What is COPD?


Today, on World COPD Day, we are excited to share the results of the HOT-HMV trial presented at ERS, which show that HMV added to HOT can reduce by 51% the likelihood of readmissions to hospital or death over one year in hypercapnic COPD patients following an acute exacerbation of COPD.1 There are new prospects for better treatment of COPD—and better lives for patients.


Seeing the bigger COPD picture

What is COPD?

Chronic obstructive pulmonary disease (COPD) is a group of progressive lung diseases typically characterised by chronic bronchitis and emphysema, which cause irreversible airflow limitation and inflammation in the airways.1

Although COPD is most commonly caused by long-term smoking, a substantive burden of the disease is due to occupational exposure to harmful agents, and genetic conditions such as congenital α1-antitrypsin deficiency.1

A global problem

COPD is not only a major health concern for governments and healthcare bodies, it’s also a leading contributor of disability and reduced quality of life in communities around the world. Often undiagnosed until chronic symptoms appear, the World Health Organization (WHO) estimates that right now, over 65 million people worldwide are living with moderate to severe COPD.3

Affecting individuals and families, COPD is often associated with tobacco smoking, but 1 in 5 patients diagnosed with COPD have never smoked.4,5

For patients who become hospitalised with acute exacerbations, close to 20% are readmitted within 30 days,6 with each hospitalisation placing a tremendous burden on patients and their families.

An economic problem

As the third leading cause of death worldwide, COPD is estimated to claim over 3 million lives globally every year. And as the population ages, this is expected to increase by 30% over the next decade.3

This growing number of patients creates heavy economic burdens. The annual cost on our healthcare system so far is already:

  • €38.6 billion in Europe1
  • $USD49.9 billion in the United States1
  • $AUD929 million in Australia.7

Given this significant impact, hospitals, insurance companies, care providers and patients are all looking for better solutions for the long-term care and management of COPD.

By understanding the problems caused by COPD and what ResMed’s intelligent non-invasive ventilation solutions can do, you can help create healthier communities and reduce the costs to healthcare.

COPD signs, symptoms and diagnosis

COPD progresses over time, and so its signs and symptoms depend on the stage of the disease. Common symptoms include:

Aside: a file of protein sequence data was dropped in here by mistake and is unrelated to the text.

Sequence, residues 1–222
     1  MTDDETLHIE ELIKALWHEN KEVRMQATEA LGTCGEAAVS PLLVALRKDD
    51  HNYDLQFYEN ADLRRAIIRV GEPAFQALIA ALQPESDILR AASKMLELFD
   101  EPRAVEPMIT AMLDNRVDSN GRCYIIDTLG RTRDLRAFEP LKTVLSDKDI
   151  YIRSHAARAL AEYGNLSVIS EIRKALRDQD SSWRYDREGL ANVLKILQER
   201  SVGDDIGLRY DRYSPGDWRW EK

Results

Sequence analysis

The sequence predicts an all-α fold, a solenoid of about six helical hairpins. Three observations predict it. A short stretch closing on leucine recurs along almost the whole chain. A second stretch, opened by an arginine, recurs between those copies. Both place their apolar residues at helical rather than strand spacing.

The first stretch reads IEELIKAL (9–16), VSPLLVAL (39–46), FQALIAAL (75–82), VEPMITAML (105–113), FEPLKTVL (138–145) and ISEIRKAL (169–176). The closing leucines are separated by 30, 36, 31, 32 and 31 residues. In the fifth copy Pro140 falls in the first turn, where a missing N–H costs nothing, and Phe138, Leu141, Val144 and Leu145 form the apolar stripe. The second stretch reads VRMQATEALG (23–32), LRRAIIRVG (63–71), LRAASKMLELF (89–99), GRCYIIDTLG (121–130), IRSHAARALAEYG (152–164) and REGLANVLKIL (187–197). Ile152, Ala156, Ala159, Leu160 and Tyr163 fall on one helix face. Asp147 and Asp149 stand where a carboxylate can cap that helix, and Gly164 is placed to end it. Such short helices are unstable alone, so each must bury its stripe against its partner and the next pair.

• Persistent cough
  • Chest tightness and breathlessness
  • Sputum production
  • Wheezing
  • Dyspnoea

The symptoms for COPD reflect those of its 2 main contributing conditions:

  1. Chronic bronchitis is a lasting inflammation of the airways characterised by excess sputum production and persistent cough.
  2. Emphysema is the destruction of lung tissue in the alveoli, which causes respiratory insufficiency.

The clinical diagnosis of COPD takes into account the patient’s medical history, a physical examination, diagnostic imaging and pulmonary function tests.1

The most objective standard to assess airflow limitation is spirometry, which includes measurements of the FEV1 (forced expiratory volume in one second) and the FEV/FVC (forced expiratory volume/forced vital capacity) ratio – the most indicative measures for COPD diagnosis.1

COPD stages

The severity of a patient’s COPD can be predicted using the Global Initiative for Chronic Obstructive Lung Disease (GOLD) Index,1 which is based on the patient’s pulmonary function.

Other COPD indices, such as the Body mass, Obstruction, Dyspnoea and Exercise capacity (BODE) index may also be used. The BODE Index uses a combination of patient assessments including BMI, FVC, FEV1, a 6-minute walk distance and a dyspnoea scale.2

COPD treatment and outcomes

Physicians treating patients with COPD often need to decide whether to continue using medication and rehabilitation alone, or whether to add non-invasive ventilation (NIV) to treatment which could improve the patient’s quality of life and slow COPD progression.

Find out which COPD patients can benefit from non-invasive ventilation.



Global Initiative for Chronic Obstructive Lung Disease (GOLD). “Global Strategy for the Diagnosis, Management and Prevention of COPD, 2015.” Goldcopd.com. http://www.goldcopd.org/uploads/users/files/GOLD_Report_2015_Sept2.pdf (accessed November 9, 2015)


Celli BR et al. The body-mass index, airflow obstruction, dyspnea, and exercise capacity index in chronic obstructive pulmonary disease. N Engl J Med. 2004;350:1005–12.


World Health Organization. “Chronic respiratory diseases: Burden of COPD” Who.int. http://www.who.int/gho/publications/world_health_statistics/en/ (accessed November 9, 2015)


Lamprecht B et al. COPD in Never Smokers. Chest 2011;139(4):752–763.


Eisner MD et al. An official American Thoracic Society public policy statement: Novel risk factors and the global burden of chronic obstructive pulmonary disease. Am J Respir Crit Care Med. 2010;182(5):693-718


Jencks SF et al. Rehospitalisations among patients in the Medicare fee-for-service program. New Engl J Med. 2009;360(14):1418-28.


Australian Institute of Health and Welfare. “COPD — chronic obstructive pulmonary disease: About COPD” Aihw.gov.au. http://www.aihw.gov.au/copd/ (accessed November 9, 2015)